I was in a hallway with a group of actors waiting to audition. David came out of the room and said, “I gotta take a leak.” It was the first thing he ever said to me. He went to the bathroom and then they called me in the room. We talked for half an hour about life, growing up, trees, meditation, but not acting. Then I got a call that he and Kyle MacLachlan wanted to meet me at Bob’s Big Boy. I went to Bob’s and we shared french fries. He was doing art with ketchup and the fries on a plate. He was drawing little drawings or maybe he was doing the Angriest Dog or something on a napkin. We said bye and then he asked me to do the movie. MM

Continue Reading
Advertisement
Click to comment

Leave a Reply

Your email address will not be published. Required fields are marked *

More in Articles - Directing

  • Articles - Acting

    Editor’s Weekend Pick: Short Term 12

    By

    MovieMaker‘s pick of the films out in theaters this week is the award-winning, heart-pumping Short Term...

  • Articles - Acting

    Fictionalizing Truth: Lee Daniel’s The Butler & More

    By

    We’ve all seen those stately biopics (usually with Oscar aspirations), in which renowned actors portray real-life...

  • Articles

    MovieMaker Editor’s Pick: Prince Avalanche
    by MovieMaker Editors

    By

    MovieMaker’s Editor’s Weekend Pick is director-writer-producer David Gordon Green’s Prince Avalanche, starring Paul Rudd and Emile...

  • Articles

    Thor Freudenthal Sets Sail with Percy Jackson: Sea of Monsters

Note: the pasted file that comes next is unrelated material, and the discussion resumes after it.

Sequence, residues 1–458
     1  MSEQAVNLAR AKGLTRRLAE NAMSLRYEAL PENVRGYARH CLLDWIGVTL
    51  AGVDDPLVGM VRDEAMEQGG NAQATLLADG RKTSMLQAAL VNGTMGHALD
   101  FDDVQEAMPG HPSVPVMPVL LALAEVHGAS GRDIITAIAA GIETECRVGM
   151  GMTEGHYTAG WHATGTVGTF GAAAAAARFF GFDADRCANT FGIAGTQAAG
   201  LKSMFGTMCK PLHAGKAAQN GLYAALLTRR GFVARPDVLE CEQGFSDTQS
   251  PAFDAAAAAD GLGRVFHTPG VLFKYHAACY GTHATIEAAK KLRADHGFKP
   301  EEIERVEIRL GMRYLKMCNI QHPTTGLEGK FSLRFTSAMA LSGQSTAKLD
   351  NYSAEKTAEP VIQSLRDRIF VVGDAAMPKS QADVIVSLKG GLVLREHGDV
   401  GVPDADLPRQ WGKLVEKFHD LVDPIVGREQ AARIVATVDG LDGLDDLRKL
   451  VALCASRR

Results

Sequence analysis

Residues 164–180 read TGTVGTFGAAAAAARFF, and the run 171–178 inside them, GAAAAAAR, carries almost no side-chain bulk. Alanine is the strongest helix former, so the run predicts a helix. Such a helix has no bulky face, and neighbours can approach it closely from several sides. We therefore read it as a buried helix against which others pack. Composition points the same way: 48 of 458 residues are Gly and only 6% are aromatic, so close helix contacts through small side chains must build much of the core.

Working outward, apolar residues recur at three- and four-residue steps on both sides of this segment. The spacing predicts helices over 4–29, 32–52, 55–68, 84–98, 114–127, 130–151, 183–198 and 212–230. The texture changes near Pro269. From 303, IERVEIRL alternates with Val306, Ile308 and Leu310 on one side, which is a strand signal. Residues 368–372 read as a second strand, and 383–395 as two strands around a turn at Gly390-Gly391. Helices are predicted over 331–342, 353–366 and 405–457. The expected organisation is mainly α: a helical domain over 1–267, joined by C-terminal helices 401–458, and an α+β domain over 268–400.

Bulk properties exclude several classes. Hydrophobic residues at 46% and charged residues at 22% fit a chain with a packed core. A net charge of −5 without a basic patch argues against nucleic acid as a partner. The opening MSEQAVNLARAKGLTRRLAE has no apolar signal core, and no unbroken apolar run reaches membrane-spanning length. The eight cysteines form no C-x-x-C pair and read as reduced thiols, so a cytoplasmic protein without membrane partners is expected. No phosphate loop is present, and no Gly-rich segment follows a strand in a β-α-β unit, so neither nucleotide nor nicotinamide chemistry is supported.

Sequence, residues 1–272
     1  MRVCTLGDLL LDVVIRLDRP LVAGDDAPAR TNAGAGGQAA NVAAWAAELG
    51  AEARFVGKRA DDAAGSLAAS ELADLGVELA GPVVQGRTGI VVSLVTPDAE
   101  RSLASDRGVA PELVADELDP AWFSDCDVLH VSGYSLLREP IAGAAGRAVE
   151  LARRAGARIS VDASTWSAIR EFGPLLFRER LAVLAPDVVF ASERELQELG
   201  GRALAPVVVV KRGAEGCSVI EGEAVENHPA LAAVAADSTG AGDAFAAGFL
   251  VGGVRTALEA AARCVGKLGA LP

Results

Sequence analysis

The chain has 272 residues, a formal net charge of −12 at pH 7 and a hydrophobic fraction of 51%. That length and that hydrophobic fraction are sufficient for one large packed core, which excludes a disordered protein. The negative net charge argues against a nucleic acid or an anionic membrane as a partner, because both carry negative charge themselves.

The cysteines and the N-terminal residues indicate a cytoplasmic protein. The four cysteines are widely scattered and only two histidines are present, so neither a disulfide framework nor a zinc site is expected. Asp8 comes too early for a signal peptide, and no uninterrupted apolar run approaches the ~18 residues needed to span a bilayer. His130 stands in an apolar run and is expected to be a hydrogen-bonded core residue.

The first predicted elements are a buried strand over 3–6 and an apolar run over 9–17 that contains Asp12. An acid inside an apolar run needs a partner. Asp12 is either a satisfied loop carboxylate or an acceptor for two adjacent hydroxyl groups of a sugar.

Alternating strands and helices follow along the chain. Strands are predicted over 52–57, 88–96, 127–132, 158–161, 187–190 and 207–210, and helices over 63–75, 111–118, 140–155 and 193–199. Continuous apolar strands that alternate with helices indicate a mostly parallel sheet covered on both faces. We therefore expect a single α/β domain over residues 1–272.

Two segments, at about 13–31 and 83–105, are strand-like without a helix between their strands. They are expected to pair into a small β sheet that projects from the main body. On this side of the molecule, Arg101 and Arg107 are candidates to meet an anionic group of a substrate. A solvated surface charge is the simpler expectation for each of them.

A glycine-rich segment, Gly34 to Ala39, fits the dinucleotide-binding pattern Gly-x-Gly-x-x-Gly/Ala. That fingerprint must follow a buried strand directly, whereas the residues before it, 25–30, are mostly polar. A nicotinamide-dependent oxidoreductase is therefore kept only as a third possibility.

by Kyle Rupprecht

    By

    German-born moviemaker Thor Freudenthal started his career in visual effects and animation, working on such films...

  • Articles - Cinematography

    Best Of: The Most Bodacious Surfing Movies

    By

    Much like an ocean wave, the surfing movie subgenre has seen its share of peaks and...

  • Articles

    Tattoo Nation: Director Eric Schwartz (Part 2)

    By

    In Part One (of this interview, we talked to Colorado-based Tattoo Nation director Eric Schwartz about...

  • Articles - Directing

    Things I’ve Learned As a Moviemaker: Kevin Smith

    By

    Director, screenwriter, sometimes actor, and all-around major geek Kevin Smith has deep roots in independent moviemaking,...

  • Articles - Acting

    Perfectly Paranormal: Ghostbusting in Film

    By

    Where would the world be without the paranormal investigators of cinema? Overrun with evil spirits, demons...

  • Articles

    MovieMaker Editor’s Weekend Pick: Storm Surfers 3D
    by Rory Owen Delaney

    By

    Storm Surfers 3D delivers big wave-riding experience for moviegoers!  This week’s MovieMaker Editor’s Weekend Pick is...

  • Articles

    Laurence Anyways: MovieMaker’s Weekend Pick
    by Kelly Leow

    By

    In recognition of the Supreme Court’s landmark dismissal of California’s Proposition 8 and its striking down...

  • Articles - Directing

    Things I’ve Learned: Neil Jordan’s 12 Golden Rules of Moviemaking

    By

    In the last few years, Neil Jordan, whose career spans three decades, has written and directed...

  • Articles - Directing

    Re-Vamping: Ten Unique Takes on Vampire Mythology

    By

    In celebration of the release of “Byzantium” this Friday, we’ve come up with a selection of...

  • Articles - Directing

    Things I’ve Learned: Gus Van Sant’s Six Golden Rules of Moviemaking

    By

    Gus Van Sant is one of America’s most heralded, iconic independent auteurs.  Based in Portland, Oregon,...

  • Articles - Acting

    Sloppy Seconds: The Best (and Worst) Horror Remakes

    By

    Horror movie remakes are a dime a dozen these days, with retreads of such genre classics...

  • To Top